Celebrating the 100th anniversary of the Groningen Institute of Archaeology, the University Museum in Groningen not only opened the interactive exhibition DIG-IT-ALL: Archaeology of the future, but also organised the weekly ArcheoHotspot, where visitors of all ages can test their skills as archaeologists.
By Yelena Kilina
All archeologists for one day can piece together excavation findings and classify the materials free of charge every Friday in August, from 12 noon until 5 pm. After getting the hands-on experience, museum guests can explore the digital technologies that archeologists use today: from virtual reality to 3D reconstructions.
3D model from the Ancient Greece
For example, RUG student Yannick de Raaff created a 3D model of loose stones found near the area where Helen of Troy lived (at least, according to the Greek poet Homer). Those stones are known to be roofs of ancient tombs, but it is unclear how those stones were layered on the top. The 3D model has helped archeologists to make reconstructions to show how the tomb may have been built.
Yannick de Raaff is one of 10 Master students who created the digital draft for the DIG-IT-ALL exhibition. The exhibition is the result of a collaboration between the Groningen Institute of Archaeology, the CIT department, the University Museum and the Groningen municipality. ‘We wanted to make an exhibition to focus on the relevance of archeology now and in the future and to showcase current research in combination with high-tech techniques’, says Daan Raemaekers, director of the Institute.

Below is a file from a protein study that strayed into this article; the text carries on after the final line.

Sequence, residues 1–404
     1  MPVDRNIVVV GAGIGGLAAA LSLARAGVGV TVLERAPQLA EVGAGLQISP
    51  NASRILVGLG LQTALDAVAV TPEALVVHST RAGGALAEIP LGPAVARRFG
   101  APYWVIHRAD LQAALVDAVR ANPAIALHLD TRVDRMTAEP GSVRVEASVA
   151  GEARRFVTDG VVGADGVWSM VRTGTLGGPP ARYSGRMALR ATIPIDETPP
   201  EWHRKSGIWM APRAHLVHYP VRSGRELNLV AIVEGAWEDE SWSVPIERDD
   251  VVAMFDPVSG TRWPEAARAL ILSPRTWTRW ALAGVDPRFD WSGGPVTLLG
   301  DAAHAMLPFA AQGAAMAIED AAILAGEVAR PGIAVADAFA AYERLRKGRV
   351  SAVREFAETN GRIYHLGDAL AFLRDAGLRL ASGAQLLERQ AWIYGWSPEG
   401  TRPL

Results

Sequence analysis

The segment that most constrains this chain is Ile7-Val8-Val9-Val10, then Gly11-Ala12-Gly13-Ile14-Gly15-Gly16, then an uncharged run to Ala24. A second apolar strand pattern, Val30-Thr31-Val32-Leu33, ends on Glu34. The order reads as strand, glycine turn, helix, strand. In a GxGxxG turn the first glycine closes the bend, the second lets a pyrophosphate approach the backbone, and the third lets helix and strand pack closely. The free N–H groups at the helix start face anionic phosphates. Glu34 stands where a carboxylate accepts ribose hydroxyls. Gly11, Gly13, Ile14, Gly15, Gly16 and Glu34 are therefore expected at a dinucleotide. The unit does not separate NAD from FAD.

Even though the DIG-IT-ALL exhibition was planned to be the most technologically advanced activity of the University museum ever, the global pandemic almost put the crimp in a scheme. ’It took about half a year only to design the exhibition, but the last preparation works were finished literally two days before the national lockdown in March’, recalls Anne Ponten, who took part in the exhibition as a student. ‘It was quite heartbreaking’, confirms museum director Arjen Dijkstra. ‘But we came up with new ways to make the exhibition corona-proof.’ Since not all interactive tools such as VR-glasses and touch-screens would be safe to use after re-opening of the museum in June, visitors can tap and draw on the large screens with special pens and do research on their own smartphones through a museum application. ‘It is still a great exhibit,’ says Dijkstra.